Worlds 2023: All teams qualified for League of Legends World Championship

by Brian Bencomo

It’s almost time for the 2023 League of Legends World Championship, and all but one of the 22 teams have qualified. The 22 teams are the top teams from regional leagues in China (LPL), Korea (LCK), North America (LCS), Europe (LEC), Southeast Asia (PCS), Vietnam (VCS), Japan (LJL), Brazil (CBLoL) and Latin America (LLA).

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The LPL and LCK will each send four teams, while the LCS and LEC will each send three, and all of these teams will start Worlds in the main event. A fourth team from either the LCS or LEC will qualify via the Worlds Qualifying Series and will have to go through play-ins to get to the main event. All the other regions are sending either one or two teams and will start Worlds in the play-in stage. Two teams from the play-in stage will advance to the main event.

To get you ready for Worlds 2023, here’s a primer on each of the qualified teams.

JD Gaming

Photo credit: Riot Games

Since the establishment of the Mid-Season Invitational in 2015, a team has entered Worlds having won both of their regional splits and MSI twice. In 2018 it was Royal Never Give Up, and in 2019 it was G2 Esports. Both teams fell short of completing the so-called “Golden Road” by winning all four major League of Legends events of the year. Can JD Gaming be the first team to complete the perfect season? JDG have only lost five matches this year, and none of those losses have been in a best-of-five. They have stars at every position, especially Bai "369" Jia-Hao in the top lane and Park "Ruler" Jae-hyuk in the bot lane. It feels like the stars are aligning for JDG to become the first Chinese team to win Worlds since FunPlus Phoenix in 2019.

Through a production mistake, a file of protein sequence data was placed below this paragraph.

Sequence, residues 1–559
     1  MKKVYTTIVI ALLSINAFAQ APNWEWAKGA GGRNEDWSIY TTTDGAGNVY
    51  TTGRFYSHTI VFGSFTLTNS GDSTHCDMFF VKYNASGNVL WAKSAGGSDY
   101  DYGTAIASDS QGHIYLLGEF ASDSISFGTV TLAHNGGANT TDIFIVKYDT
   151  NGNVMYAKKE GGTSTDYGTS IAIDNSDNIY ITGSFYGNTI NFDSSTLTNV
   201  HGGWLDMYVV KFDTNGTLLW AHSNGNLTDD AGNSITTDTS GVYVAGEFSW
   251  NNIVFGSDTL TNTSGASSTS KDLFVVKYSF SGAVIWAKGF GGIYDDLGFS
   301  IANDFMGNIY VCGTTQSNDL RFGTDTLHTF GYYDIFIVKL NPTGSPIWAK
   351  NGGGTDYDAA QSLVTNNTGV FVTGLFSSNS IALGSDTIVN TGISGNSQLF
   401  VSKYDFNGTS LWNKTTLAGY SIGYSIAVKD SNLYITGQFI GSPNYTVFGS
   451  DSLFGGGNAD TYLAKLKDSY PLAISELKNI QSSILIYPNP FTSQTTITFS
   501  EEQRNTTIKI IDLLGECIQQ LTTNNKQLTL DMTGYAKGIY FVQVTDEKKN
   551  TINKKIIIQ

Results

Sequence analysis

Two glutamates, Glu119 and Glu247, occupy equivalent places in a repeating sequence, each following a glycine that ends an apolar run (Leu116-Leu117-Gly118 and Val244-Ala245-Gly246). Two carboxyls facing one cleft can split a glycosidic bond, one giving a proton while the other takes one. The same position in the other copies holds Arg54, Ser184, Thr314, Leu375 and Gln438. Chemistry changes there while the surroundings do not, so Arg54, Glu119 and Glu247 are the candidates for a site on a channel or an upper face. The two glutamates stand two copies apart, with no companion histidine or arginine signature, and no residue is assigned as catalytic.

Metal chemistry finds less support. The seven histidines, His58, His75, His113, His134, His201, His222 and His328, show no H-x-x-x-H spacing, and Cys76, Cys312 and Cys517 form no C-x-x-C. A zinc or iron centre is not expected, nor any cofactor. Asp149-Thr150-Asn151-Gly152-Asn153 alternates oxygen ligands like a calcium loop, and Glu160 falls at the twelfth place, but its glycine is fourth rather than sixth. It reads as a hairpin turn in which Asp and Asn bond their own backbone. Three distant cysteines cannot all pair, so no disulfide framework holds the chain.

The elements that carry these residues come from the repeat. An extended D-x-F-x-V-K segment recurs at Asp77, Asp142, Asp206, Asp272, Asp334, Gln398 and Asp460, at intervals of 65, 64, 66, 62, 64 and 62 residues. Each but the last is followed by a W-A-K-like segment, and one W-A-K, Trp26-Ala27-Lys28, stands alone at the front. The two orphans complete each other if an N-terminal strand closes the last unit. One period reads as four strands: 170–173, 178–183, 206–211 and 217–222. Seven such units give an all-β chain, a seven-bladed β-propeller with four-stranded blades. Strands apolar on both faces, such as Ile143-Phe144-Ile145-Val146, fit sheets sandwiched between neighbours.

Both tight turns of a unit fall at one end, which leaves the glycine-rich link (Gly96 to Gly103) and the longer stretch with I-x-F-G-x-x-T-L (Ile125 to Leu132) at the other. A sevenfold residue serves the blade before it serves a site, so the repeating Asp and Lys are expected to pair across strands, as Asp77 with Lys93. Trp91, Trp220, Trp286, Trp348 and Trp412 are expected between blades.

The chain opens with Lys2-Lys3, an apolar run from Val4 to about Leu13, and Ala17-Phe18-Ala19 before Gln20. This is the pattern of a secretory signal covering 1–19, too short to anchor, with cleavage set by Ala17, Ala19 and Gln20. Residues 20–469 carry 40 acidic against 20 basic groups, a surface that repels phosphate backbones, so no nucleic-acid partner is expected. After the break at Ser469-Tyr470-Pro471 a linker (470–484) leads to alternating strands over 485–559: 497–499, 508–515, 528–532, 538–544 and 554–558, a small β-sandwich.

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Bilibili Gaming

Photo credit: Riot Games

Bilibili Gaming finished second at MSI, but the loss didn’t discourage them as they went 17-1 in the LPL summer split to finish atop the standings. However, once again they lost to JDG in the playoffs and enter Worlds as China’s third seed. Six of BLG’s seven losses since the LPL playoffs have been to JDG. It seems as though JDG is BLG’s kryptonite. Otherwise BLG have looked good against everyone else. They beat both Korean teams they faced at MSI, T1 and Gen.G, who should be their stiffest competition outside of JDG and LNG at Worlds.

LNG Esports

Photo credit: Riot Games

This is the only team that has managed to beat Bilibili Gaming this summer besides JDG. LNG finished the LPL summer split in third place and made it all the way to the LPL summer final after beating Bilibili in the lower final. Perennial LPL Worlds contenders Royal Never Give Up (RNG) and EDward Gaming (EDG) did not qualify for Worlds this year, however, two of their former players have helped LNG qualify for Worlds for only the second time in franchise history. Longtime EDG mid laner Lee "Scout" Ye-chan joined LNG in the offseason, and RNG veteran Chen "GALA" Wei joined LNG ahead of the summer split. GALA was a key addition as he had the second-best KDA of any player in the LPL this summer and LNG improved from a 5th-6th finish in the spring playoffs to second in the summer.

Weibo Gaming

Photo credit: Riot Games

China’s fourth seed at Worlds is perhaps the most surprising team to qualify after finishing in 5th-6th place in both the spring and summer playoffs. Weibo beat both EDward Gaming and Top Esports in the LPL Regional Finals to qualify. This might be the first time Weibo Gaming has qualified for Worlds, but the organization was formerly known as Suning and competed at Worlds in 2020, and the roster is filled with Chinese champions. Top laner Kang "TheShy" Seung-lok was part of the first Chinese team to win Worlds -- Invictus Gaming in 2018. Support Liu "Crisp" Qing-Song was on the FunPlus Phoenix team that won Worlds in 2019. Li "Xiaohu" Yuan-Hao hasn’t won Worlds, but the mid laner is one of only two players who have won MSI three times. He lifted the MSI trophy with RNG in 2018, 2021 and 2022.


Photo credit: Riot Games